The caveman of our day: a man turned the cave by the age of 250 million years into a cozy dwelling with sewers, heated floors and Internet access

Each of us at least once dreamed at least for a while to escape from civilization and modern life. "Caveman" Angelo Mastropietro made this dream a reality! He settled in a cave, which is 250 million years old, in Worcestershire - and now for the amenities that are available, it can not be distinguished from the city apartment. The man spent about 160,000 pounds and about 1000 hours of his life on it, but still managed to bring comfort to the wild.

The caveman of our day: a man turned the cave by the age of 250 million years into a cozy dwelling with sewers, underfloor heating and Internet access to a house, man, caveSource: www.dailymail.co.uk

The former head of the Australian recruitment company decided to leave the old nervous life and "go underground" in Worcestershire.

The caveman of our day: a man turned the cave by the age of 250 million years into a cozy dwelling with sewers, underfloor heating and Internet access to a house, man, caveSource: www.dailymail.co.uk

He spent about £ 160,000 on this after being diagnosed with multiple sclerosis in 2007. For some time he was killed and crushed, but then he said to himself: "I want to live in a place where I will have a healthier and happier life."

The father of two children shoveled about 80 tons of stone before he managed to make the dream a reality

The father of two children shoveled about 80 tons of stone before he managed to translate the dream into a reality house, a man, a caveSource: www.dailymail.co.uk

He claims that his diagnosis became for him "a catalyst that reminded him that it's time to respect your health and lifestyle."
A native of Worcestershire first found out about this cave in 1999. The cave, which was used as a dwelling for 300 years, was abandoned in the 1940s.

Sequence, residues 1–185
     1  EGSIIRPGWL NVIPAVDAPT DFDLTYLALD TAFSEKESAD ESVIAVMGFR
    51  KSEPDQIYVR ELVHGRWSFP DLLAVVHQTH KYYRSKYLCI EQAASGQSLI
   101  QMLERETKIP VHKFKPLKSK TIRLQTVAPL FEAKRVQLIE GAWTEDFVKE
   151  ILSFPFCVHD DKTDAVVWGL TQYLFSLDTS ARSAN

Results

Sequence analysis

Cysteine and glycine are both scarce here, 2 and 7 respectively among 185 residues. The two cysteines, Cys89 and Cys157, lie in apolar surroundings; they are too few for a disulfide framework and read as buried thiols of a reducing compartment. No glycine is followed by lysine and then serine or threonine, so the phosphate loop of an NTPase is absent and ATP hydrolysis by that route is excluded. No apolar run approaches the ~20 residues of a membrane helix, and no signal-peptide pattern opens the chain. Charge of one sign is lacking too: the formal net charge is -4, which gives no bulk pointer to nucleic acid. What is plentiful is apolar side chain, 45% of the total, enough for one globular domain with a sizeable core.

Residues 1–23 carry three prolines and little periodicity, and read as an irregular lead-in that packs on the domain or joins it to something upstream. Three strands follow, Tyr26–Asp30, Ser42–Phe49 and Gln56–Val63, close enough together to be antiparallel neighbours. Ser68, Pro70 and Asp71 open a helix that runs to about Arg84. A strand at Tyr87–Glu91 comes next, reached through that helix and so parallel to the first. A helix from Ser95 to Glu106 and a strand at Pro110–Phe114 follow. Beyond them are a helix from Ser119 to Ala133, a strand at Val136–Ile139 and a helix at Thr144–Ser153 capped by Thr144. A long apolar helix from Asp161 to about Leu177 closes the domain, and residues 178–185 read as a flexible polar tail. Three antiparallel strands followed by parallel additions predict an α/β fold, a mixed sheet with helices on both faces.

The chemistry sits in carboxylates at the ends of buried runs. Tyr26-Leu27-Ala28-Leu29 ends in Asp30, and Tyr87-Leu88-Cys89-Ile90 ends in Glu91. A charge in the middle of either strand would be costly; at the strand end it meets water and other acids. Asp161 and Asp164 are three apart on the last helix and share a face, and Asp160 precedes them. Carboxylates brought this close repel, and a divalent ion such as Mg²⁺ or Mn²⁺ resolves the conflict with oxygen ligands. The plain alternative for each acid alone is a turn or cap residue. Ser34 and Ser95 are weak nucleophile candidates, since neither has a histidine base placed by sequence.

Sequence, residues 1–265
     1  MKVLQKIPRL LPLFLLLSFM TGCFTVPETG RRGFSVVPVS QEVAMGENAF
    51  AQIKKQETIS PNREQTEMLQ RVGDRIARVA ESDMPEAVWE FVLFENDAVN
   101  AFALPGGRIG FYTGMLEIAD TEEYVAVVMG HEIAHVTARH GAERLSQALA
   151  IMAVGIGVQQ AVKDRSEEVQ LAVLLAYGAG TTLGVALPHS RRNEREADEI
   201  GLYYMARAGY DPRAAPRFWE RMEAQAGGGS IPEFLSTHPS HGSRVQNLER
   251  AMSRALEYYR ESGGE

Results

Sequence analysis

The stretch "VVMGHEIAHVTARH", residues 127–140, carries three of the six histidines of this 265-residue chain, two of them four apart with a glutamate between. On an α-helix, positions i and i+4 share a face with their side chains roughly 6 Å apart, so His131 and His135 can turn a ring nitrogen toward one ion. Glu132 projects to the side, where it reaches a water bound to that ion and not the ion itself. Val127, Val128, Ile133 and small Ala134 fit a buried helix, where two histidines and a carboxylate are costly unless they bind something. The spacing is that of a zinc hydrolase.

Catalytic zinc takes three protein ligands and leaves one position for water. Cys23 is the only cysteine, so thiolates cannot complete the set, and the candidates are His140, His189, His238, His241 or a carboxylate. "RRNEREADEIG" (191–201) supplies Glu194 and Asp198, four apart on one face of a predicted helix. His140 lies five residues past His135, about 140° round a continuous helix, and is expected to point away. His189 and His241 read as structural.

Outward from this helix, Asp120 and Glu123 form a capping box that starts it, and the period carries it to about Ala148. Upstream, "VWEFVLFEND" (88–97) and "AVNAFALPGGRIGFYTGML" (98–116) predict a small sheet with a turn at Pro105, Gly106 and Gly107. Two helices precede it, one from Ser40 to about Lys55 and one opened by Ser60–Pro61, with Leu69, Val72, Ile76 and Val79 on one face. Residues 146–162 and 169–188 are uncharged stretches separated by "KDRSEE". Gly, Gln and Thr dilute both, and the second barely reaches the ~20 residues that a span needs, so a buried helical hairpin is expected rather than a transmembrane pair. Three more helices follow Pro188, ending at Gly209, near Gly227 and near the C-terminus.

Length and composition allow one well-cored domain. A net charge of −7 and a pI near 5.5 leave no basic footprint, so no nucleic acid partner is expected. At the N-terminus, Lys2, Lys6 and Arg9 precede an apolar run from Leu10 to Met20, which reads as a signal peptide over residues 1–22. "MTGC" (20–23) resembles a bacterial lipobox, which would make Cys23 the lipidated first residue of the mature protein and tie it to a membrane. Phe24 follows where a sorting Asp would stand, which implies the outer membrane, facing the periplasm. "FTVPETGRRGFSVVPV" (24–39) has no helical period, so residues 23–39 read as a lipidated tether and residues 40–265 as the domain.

The caveman of our day: a man turned the cave by the age of 250 million years into a cozy dwelling with sewers, underfloor heating and Internet access to a house, man, caveSource: www.dailymail.co.uk

Angelo bought a cave - the oldest rocky dwelling, preserved in Europe until the 20th century - for 62 thousand pounds. With a budget of 100,000 pounds, working independently, he soon turned it into a cozy apartment. Only work on the interior doors took him 11 days ...

The caveman of our day: a man turned the cave by the age of 250 million years into a cozy dwelling with sewers, underfloor heating and Internet access to a house, man, caveSource: www.dailymail.co.uk

Angelo is sleeping here. This is probably the quietest bedroom ever!

The caveman of our day: a man turned the cave by the age of 250 million years into a cozy dwelling with sewers, underfloor heating and Internet access to a house, man, caveSource: www.dailymail.co.uk

Luxurious living room in a cave house.

The caveman of our day: a man turned the cave by the age of 250 million years into a cozy dwelling with sewers, underfloor heating and Internet access to a house, man, caveSource: www.dailymail.co.uk

The walls in the house of Angelo are white.

The caveman of our day: a man turned the cave by the age of 250 million years into a cozy dwelling with sewers, underfloor heating and Internet access to a house, man, caveSource: www.dailymail.co.uk